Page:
The average yield on German government debt dropped below zero for the first time, an indicator of how the European Central Bank’s bond-buying program has made the previously unthinkable a reality.
Price gains on German bonds pushed yields through January 2024 below zero, driving the average yield to maturity on securities in the Bloomberg Germany Sovereign Bond Index to minus 0.003 percent at Wednesday’s close. That means that investors are prepared to accept losses for holding to maturity $809 billion of the $1.16 trillion total of bonds in the index. The yield on 10-year bunds, the euro region’s benchmark, dropped below 0.10 percent Thursday for the first time on record.
The bond-market rally reflects the demand for government debt in the wake of the ECB’s 1.1 trillion ($1.2 trillion) quantitative-easing plan. ECB President Mario Draghi said Wednesday that the policy makers’ plan must be implemented in full to work, adding more fuel to a rally that’s already pushed yields across the region to record lows.
“The ECB made it clear they will stick to their QE plan even though the economy has shown some signs of improving,” said John Stopford, head of fixed income at Investec Asset Management in London. “German yields are not attractive at these levels but there’s room for them to fall further given the ECB’s policy. There are willing buyers and not many willing sellers because they can make capital gains if yields keep falling.”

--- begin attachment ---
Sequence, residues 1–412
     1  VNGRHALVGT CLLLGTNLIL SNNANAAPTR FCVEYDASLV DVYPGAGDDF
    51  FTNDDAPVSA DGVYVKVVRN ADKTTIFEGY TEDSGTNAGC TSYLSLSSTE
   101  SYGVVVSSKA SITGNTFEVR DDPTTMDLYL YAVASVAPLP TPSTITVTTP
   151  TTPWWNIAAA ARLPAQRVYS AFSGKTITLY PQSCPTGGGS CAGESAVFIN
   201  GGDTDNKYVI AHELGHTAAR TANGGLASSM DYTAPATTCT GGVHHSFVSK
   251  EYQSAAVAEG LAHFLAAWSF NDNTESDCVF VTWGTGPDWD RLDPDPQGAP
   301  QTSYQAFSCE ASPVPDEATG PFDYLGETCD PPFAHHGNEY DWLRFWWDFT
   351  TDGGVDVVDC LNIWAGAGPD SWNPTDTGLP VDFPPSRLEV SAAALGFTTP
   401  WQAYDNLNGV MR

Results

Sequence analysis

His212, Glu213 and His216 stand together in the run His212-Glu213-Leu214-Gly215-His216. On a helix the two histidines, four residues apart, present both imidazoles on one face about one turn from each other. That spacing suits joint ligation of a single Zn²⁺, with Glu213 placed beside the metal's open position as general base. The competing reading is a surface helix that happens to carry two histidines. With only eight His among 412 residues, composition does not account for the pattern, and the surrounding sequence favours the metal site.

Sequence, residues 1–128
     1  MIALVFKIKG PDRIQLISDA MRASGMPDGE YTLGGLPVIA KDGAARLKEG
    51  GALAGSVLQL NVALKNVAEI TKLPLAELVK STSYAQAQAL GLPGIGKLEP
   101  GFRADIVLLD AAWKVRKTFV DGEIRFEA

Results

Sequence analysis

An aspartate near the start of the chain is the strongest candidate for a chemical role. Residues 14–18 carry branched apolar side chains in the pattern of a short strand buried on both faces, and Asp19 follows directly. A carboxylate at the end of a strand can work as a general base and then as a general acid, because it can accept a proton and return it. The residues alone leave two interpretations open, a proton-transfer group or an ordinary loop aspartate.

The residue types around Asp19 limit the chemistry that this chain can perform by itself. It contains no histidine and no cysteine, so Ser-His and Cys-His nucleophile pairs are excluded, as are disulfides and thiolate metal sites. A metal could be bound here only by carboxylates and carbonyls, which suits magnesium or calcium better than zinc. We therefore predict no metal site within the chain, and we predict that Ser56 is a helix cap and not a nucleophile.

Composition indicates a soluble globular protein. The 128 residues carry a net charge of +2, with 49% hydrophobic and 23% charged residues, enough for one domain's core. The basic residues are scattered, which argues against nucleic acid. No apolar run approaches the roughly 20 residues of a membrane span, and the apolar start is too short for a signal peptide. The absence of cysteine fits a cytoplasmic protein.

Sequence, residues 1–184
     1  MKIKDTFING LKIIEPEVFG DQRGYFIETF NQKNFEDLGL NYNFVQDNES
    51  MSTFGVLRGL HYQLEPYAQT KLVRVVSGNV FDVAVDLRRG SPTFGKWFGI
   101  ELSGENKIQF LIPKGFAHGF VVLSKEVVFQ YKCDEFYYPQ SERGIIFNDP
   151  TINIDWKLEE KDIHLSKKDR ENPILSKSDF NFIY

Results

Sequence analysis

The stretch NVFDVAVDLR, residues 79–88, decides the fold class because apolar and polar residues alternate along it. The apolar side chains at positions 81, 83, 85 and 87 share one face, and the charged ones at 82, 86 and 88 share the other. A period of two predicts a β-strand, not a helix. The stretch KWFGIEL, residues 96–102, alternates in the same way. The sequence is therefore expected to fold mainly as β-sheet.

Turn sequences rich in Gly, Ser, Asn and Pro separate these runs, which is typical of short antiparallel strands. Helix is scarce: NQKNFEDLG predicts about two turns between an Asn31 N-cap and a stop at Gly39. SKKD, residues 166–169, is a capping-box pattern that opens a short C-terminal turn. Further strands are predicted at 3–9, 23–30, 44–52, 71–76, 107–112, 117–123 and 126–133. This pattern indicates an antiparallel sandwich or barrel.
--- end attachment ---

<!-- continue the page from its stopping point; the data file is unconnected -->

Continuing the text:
German 10-year yields dropped two basis points, or 0.02 percentage point, to 0.09 percent as of 9:22 a.m. London time and touched 0.086 percent, the lowest since Bloomberg started tracking the data in 1989. The 0.5 percent bund due in February 2025 rose 0.17, or 1.70 euros per 1,000-euro face amount, to 104.01. The yield on German 30-year bunds fell below 0.5 percent for the first time.
Every German benchmark bond with a maturity of up to eight years has negative yields, while the nine-year yield touched zero for the first time on Thursday. The average yield on securities in the Bloomberg U.S. Treasury Bond Index is about 1.30 percent.
The phenomenon is not just restricted to Europe’s biggest economy. About $2 trillion of the region’s government bonds currently have have yields below zero, while Spain, which saw its borrowing costs surge in the debt crisis that swept the currency bloc earlier this decade, auctioned six-month bills with a negative yield last week.
Bonds have continued to rally, even after yields dropped through zero, because the ECB has said its plan will include buying such securities, with purchases only ruled out when yields drop below its deposit rate of minus 0.2 percent.
Even that rule could risk creating a shortage of bonds, with Moody’s Investors Service estimating Tuesday that 28 percent of German bonds within the two- to 30-year range have yields below minus 0.2 percent. This share was 5 percent when the ECB announced buying in January.
Draghi said Wednesday that the plan is so far proceeding smoothly and concern that the buying is creating a scarcity of securities is “premature.” He was speaking in Frankfurt after an ECB policy meeting where officials maintained interest rates at record lows.